If a mark owner stops using a trademark for a sufficiently long period, his rights may become vulnerable to third-party claims of abandonment. To maintain a federal trademark registration, trademark owners periodically must file declarations of continued use with the USPTO. COVID per se does not automatically suspend the duty to file such declarations of use. However, the failure to do so or to explain the reasons for non-use would result in loss of registrations and could give rise to claims that common law rights in the marks have been abandoned.
With the closure of “non-essential” businesses throughout the country and the world, the use of trademarks on and in connection with products and services may be interrupted or altogether halted for a period of time. This interruption in use may be untimely for those owners of trademark registrations within the statutory periods for maintaining a U.S. trademark registration. The periods within which to maintain a registration include between the fifth and sixth anniversaries of the date of US registration; and within the year before the end of every ten-year period after the date of US registration (or the six-month grace period after the expiration of those deadlines).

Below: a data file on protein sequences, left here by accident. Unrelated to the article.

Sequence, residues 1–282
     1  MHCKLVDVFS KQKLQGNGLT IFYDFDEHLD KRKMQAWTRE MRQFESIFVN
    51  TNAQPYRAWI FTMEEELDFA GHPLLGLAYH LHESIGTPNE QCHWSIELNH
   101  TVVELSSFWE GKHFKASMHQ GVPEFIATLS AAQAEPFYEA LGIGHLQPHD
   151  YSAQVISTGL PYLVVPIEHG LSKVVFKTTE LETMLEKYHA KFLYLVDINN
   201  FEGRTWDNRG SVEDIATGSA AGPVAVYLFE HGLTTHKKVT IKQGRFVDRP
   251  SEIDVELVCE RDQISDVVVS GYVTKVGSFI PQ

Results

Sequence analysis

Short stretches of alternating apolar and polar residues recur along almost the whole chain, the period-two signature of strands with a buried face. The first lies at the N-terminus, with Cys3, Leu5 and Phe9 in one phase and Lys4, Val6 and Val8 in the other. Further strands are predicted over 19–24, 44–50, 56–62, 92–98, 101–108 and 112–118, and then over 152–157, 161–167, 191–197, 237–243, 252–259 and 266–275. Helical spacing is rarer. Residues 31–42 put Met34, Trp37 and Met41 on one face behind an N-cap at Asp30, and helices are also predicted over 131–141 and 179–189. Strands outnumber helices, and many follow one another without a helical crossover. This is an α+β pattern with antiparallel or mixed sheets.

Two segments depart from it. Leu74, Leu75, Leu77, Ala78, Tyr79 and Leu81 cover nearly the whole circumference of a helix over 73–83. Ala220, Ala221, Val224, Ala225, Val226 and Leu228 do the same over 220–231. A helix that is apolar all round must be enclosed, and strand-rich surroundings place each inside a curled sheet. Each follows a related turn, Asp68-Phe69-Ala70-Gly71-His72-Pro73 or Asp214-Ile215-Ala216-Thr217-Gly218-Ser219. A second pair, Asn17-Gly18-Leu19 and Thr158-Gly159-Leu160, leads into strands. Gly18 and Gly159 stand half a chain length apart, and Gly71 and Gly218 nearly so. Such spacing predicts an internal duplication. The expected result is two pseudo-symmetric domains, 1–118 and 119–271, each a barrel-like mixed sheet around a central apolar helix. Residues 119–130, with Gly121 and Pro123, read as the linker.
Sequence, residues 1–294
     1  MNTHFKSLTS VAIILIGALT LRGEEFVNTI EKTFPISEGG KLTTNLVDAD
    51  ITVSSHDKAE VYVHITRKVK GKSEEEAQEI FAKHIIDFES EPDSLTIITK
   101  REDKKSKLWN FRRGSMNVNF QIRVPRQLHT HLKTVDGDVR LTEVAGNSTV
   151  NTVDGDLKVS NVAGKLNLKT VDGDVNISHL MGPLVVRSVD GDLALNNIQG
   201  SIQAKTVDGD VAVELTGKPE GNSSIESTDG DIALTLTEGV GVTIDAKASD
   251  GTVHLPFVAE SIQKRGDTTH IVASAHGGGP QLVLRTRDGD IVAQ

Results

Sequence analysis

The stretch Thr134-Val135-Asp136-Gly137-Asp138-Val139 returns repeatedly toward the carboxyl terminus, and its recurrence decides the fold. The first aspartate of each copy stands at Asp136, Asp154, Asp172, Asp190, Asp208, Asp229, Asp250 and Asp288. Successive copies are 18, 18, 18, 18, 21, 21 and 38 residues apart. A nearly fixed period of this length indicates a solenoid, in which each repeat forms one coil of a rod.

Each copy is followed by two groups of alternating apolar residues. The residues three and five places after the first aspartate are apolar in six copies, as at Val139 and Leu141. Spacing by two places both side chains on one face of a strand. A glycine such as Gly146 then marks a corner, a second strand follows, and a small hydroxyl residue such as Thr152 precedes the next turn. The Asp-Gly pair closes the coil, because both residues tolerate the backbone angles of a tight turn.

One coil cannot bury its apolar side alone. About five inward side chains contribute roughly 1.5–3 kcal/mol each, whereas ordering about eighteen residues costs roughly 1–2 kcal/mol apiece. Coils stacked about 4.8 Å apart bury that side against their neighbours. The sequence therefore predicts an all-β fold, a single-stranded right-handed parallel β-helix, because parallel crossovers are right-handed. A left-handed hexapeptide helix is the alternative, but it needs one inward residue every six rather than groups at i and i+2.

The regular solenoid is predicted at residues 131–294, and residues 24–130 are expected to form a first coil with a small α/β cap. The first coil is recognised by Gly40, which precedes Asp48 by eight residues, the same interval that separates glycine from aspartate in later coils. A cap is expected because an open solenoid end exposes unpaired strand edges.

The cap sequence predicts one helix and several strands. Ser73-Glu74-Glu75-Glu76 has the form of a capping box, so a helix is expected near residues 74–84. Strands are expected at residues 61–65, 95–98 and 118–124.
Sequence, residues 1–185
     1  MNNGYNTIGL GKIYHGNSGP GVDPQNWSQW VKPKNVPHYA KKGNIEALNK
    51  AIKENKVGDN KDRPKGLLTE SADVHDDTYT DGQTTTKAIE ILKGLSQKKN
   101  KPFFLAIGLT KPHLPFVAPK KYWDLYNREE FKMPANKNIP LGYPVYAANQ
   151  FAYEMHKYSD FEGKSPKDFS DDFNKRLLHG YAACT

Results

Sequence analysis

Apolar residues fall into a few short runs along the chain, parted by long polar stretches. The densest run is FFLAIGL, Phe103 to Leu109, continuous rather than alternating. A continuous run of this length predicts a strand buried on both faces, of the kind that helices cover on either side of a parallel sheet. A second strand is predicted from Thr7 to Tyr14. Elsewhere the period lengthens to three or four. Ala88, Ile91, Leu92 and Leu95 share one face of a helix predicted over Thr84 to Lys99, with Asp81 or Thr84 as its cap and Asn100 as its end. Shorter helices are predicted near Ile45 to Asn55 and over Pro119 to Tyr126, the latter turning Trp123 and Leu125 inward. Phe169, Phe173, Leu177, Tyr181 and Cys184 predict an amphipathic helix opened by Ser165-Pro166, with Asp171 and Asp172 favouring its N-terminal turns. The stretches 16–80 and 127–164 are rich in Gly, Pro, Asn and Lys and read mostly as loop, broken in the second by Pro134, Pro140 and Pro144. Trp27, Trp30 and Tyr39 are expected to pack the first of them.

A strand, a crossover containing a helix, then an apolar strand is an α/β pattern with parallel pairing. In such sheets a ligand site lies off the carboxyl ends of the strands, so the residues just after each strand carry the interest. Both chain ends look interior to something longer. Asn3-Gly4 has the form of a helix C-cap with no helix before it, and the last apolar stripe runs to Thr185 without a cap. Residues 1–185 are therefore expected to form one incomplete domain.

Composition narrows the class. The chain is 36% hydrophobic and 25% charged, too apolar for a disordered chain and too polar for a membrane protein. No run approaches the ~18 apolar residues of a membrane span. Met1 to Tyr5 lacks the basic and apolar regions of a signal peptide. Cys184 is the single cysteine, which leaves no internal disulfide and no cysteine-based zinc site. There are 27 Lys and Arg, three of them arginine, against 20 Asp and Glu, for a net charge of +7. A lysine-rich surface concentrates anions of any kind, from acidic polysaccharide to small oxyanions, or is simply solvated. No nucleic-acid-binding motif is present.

Fortunately, the US Trademark Act built in a safeguard to avoid cancelation of a registration because of a temporary interruption in the use of the mark and an owner’s inability to file a declaration of use due to circumstances beyond the control of the owner of the registration or “forced by outside causes.” Under the U.S. Trademark Act, if the registered mark is not in use in commerce on or in connection with all the goods, services, or classes specified in the registration during the period within which to maintain its registration, the owner may file a declaration of nonuse. If a trademark owner seeks to excuse its nonuse, the declaration must set forth the following:
(1) the date when such use of the mark in commerce stopped.
(2) the approximate date when such use is expected to resume; and
(3) recite facts to show that nonuse as to those goods, services, or classes is due to special circumstances that excuse the nonuse and is not due to an intention to abandon the mark. See 37 C.F.R. §2.161.
Currently, the U.S. Patent and Trademark Office has not modified any deadlines since most U.S. patent and trademark deadlines are fixed by statute. Therefore, the deadline by which to file the affidavit or declaration of use or excusable nonuse remains unaltered. Thus, the option of filing a Declaration of Nonuse may prove useful to those owners of US registrations who may suffer disruptions, due to the economic effects of the coronavirus.
Because trademarks are valuable business assets and your rights may be lost or challenged in the event of non-use, it is critically important to discuss any changes to your use with intellectual property counsel.
Do not hesitate to contact the attorneys at Tishkoff if you have questions regarding intellectual property, litigation, or business or employment law.
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